Requirements by automakers that dealerships in Europe invest heavily in corporate identity standards may be doing more harm than good, according to experts who participated in a roundtable conducted in Frankfurt, Germany, by Urban Science Inc.

A study commissioned by Urban Science and conducted by Roper ASW found that 90 percent of auto executives said increasing productivity of their distribution channel was a high priority. But with block exemption changes about to take effect across Europe the methods by which auto companies have tried to increase productivity may be backfiring, executives said.

Jim Moloney, director of European Retail Networks for General Motors, said some vehicle manufacturers have imposed strong brand image or corporate identity standards on their retail outlets. “While that may be nice from an image standpoint,” he said, “when you look at what has been imposed on the dealer, in terms of investment, we certainly see some signals that dealers have over-invested and the return on those investments isn’t good.”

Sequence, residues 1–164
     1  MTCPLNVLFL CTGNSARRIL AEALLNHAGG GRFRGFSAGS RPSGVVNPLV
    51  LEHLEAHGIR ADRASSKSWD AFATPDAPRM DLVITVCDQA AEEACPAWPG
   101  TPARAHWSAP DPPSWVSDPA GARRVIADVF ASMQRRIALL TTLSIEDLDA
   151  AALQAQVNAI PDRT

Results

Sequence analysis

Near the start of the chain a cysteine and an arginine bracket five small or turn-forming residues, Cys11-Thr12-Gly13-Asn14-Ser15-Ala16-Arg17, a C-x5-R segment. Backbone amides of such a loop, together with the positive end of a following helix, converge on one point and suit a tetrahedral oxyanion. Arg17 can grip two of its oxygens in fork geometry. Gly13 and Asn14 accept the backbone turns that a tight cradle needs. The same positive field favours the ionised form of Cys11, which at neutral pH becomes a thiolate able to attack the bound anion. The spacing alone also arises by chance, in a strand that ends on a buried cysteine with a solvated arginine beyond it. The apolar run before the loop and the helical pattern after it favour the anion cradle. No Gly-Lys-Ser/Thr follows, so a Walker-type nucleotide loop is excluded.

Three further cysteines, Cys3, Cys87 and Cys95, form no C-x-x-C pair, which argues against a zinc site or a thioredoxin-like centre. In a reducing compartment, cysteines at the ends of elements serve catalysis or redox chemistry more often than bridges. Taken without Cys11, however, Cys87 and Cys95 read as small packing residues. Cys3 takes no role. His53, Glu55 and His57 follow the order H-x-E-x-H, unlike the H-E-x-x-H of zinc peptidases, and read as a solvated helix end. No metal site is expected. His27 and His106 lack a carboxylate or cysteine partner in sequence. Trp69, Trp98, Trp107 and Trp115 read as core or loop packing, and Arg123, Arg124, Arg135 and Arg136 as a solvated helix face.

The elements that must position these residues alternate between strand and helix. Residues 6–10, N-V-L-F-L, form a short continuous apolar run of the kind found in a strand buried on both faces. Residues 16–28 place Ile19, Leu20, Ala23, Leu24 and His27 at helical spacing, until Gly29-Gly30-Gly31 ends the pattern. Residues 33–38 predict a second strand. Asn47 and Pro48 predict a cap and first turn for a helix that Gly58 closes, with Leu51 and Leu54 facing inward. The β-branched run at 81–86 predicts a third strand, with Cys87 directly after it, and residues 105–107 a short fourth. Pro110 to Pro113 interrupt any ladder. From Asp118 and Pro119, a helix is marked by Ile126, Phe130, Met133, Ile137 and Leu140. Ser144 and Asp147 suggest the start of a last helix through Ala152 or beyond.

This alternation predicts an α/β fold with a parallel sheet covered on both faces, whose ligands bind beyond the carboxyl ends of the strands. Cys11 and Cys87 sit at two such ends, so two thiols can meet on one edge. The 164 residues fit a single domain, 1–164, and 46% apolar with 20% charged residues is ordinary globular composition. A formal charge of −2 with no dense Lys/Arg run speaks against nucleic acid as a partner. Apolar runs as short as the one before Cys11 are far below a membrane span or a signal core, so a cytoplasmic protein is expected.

Axel Schnabel, managing director of Urban Science, Germany, said with automakers spending more resources on block-exemption issues, distribution networks must become more productive to ensure that “block exemption doesn’t simply result in higher costs.”

Juan Jose Diaz Ruiz of JJDR and Partners in Spain said the auto industry has consolidated dealership networks in Europe over the last 10 years by 30 to 35 percent. For the average dealer, costs over the last few years have increased by 30 to 40 percent, he said.